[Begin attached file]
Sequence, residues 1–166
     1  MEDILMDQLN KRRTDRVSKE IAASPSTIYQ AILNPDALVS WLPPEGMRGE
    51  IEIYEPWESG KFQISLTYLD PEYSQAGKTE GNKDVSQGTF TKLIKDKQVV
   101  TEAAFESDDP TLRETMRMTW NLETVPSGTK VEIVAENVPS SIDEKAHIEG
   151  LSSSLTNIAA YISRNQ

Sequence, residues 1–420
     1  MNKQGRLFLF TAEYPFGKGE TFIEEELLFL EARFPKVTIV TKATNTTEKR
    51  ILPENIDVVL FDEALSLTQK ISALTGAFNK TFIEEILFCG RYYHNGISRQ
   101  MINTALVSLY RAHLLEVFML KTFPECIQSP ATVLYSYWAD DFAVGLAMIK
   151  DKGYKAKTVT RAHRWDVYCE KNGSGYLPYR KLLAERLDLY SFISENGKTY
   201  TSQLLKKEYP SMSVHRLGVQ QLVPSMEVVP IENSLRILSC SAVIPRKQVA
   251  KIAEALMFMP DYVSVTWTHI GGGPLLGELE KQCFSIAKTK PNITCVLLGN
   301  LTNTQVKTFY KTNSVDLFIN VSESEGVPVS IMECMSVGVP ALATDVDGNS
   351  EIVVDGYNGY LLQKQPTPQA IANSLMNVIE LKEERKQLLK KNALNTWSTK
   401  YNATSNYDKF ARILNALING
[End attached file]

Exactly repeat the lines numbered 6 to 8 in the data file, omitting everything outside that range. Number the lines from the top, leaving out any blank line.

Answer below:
Sequence, residues 1–420
     1  MNKQGRLFLF TAEYPFGKGE TFIEEELLFL EARFPKVTIV TKATNTTEKR
    51  ILPENIDVVL FDEALSLTQK ISALTGAFNK TFIEEILFCG RYYHNGISRQ